Coaching as an art form.
It is the dilemma of every artist. On one hand we need to strive to master the tool. On the other, we need to remember and be fully connected to the humanity of what we do. This is the balancing act of every master and of every person who wants to be truly effective in their craft.
I call it Form & Flow – a dichotomy we cannot forget.
Technique is vital. No professional can be successful without it. Here, we must strive to understand, to polish, to have a deep grasp of the concepts and to be committed to ongoing practice and development. Artists without technique produce nothing. They don’t know their tools and therefore, they cannot deliver what they truly imagine.
At the same time, (and most importantly, perhaps,) technique alone creates empty and purposeless work. It is like a skeleton without flesh or a picture without its intended color. Regardless of what we do, to be effective, we must know how to be deeply connected to the heart of it all.
Coaching is no different.
Mastering the structure of the coaching conversation is paramount. This is an ongoing responsibility of every serious coach. The ICF Core Competencies are, in a way, simple, but also endlessly rich. We have layers upon layers of detailed work that needs to be done in order for someone to master them – and it takes years. That is why coaching training, mentoring and the actual practice of coaching are so important. It is through training that we learn best practices and gain a deeper understanding of a model that has been proven to be effective.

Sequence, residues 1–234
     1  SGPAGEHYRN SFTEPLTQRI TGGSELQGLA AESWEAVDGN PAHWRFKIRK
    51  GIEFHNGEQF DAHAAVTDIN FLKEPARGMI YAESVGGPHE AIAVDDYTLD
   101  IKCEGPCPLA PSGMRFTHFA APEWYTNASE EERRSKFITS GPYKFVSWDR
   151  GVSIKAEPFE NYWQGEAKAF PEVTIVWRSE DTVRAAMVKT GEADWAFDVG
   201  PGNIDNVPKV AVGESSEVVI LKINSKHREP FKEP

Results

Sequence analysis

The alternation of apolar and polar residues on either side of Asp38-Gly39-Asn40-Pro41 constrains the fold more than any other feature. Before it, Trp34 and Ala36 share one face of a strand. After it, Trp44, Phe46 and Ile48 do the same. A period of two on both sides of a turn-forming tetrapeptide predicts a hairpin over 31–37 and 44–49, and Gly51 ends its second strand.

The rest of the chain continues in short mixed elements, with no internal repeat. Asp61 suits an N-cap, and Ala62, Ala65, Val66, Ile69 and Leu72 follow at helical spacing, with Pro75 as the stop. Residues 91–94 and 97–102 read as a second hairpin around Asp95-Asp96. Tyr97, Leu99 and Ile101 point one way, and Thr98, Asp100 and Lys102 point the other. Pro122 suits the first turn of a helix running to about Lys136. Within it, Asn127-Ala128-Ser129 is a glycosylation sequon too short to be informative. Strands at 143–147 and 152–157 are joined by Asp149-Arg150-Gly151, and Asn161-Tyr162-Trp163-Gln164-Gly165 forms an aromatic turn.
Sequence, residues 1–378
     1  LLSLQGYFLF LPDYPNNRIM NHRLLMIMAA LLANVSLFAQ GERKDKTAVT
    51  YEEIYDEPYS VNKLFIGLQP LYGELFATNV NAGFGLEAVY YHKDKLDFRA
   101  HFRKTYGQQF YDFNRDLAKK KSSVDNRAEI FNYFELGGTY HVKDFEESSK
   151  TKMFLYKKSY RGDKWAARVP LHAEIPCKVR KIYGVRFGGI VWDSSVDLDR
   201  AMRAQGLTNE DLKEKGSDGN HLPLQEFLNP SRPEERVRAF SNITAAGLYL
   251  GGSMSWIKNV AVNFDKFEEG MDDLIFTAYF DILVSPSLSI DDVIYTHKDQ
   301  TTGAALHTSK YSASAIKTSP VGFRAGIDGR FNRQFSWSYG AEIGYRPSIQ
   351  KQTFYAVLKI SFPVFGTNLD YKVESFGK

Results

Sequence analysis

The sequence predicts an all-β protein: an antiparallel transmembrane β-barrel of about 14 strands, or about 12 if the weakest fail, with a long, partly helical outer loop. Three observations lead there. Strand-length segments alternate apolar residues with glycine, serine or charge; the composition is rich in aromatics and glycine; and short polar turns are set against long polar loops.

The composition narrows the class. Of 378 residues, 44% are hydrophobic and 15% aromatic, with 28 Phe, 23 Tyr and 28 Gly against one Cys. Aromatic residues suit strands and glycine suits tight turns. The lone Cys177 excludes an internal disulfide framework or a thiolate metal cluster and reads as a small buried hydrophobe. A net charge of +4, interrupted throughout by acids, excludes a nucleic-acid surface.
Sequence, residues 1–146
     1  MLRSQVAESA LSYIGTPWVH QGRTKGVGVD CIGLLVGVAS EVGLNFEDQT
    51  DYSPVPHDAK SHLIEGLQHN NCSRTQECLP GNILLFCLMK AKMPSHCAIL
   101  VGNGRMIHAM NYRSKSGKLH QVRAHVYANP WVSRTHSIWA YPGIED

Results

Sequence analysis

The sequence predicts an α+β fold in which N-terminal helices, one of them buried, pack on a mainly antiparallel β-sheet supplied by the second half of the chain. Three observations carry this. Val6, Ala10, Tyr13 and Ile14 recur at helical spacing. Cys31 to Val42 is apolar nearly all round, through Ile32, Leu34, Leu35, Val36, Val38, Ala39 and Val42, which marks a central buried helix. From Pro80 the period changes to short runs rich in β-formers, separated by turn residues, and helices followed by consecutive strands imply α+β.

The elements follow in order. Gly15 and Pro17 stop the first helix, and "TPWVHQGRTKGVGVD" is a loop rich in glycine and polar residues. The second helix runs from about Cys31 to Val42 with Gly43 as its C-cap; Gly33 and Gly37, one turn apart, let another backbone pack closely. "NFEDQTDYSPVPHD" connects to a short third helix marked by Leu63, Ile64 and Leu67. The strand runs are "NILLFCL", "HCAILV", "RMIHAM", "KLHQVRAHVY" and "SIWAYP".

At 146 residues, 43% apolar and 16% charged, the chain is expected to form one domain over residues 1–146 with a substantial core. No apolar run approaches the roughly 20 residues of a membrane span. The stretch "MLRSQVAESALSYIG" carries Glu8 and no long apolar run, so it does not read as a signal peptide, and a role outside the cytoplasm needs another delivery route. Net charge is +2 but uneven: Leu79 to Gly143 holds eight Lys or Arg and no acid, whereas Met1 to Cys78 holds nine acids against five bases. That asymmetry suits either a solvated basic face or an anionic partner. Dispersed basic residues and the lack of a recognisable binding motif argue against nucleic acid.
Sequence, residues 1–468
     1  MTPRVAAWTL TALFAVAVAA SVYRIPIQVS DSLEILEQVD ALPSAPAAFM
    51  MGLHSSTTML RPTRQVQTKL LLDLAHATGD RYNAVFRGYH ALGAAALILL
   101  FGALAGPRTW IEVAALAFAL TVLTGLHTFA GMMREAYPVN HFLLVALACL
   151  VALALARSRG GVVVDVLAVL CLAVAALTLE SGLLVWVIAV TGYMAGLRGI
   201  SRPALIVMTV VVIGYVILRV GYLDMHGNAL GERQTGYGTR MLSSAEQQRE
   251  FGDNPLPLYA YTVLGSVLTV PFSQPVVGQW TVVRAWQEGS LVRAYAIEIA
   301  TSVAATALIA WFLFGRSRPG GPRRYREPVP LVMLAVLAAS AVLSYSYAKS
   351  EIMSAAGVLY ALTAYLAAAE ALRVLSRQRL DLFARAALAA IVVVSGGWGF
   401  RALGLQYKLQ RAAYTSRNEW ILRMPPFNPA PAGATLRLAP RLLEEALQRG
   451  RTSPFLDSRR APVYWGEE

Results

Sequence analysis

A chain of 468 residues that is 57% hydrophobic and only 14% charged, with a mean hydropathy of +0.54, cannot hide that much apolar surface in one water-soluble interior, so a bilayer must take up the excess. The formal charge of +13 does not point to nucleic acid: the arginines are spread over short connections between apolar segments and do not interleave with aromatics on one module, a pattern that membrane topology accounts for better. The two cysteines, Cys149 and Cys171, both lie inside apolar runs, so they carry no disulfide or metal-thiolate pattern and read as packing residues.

It is also important for us to remember that our profession is young and therefore, constantly developing. Every day, there are new perspectives and new ways to look at this framework. It is imperative for us to stay up-to-date and to continue to practice how we demonstrate and deliver these concepts at the time of coaching.
Having said that, we can’t be like that piano player whose fingers fly like magic, whose knowledge is unparalleled, but whose music is stale and heartless.
Regardless of what kind of coaching we do, we must always remember that at the core, coaching is a human to human interaction. Whether we are coaching the CEO of a company or the mom next door, our clients are human-beings and no matter their situation, at the heart, they are looking for connection. It is our job to create the space and clear the way for this to happen. And we can only do this, when we are connected ourselves.
Form gives us the tool. It informs us. It gives the structure, the technique. Form is our ability to demonstrate expertise and to establish a process that is productive, well-defined and repeatable.
Flow gives us the WHO, the essence, the humanity behind it all. It is here that music happens, and transformation occurs. The effective coach knows how to balance these two forces like a true artist who uses their tools skillfully but with clear understanding of their ultimate purpose.
No artist can be a master without form. No coach can be efficient without good training and detailed practice. At the same time, no artist can make music without heart and no coach can be a catalyst for growth without the ability to freely connect to the core of themselves and of their clients.
One of the most important points of being an effective coach is to stay current to what is happening in the coaching world and up-to-date with your skills. Don't miss the next article for ForCoaches. Subscribe below and be notified of my next article.
As a mentor coach, I am always giving feedback to my students and mentees helping them develop their coaching skills and prepare for their certification with the ICF. ForCoaches is a place where I can publicly share some of my insights and experiences. What does it mean to be a truly effective coach?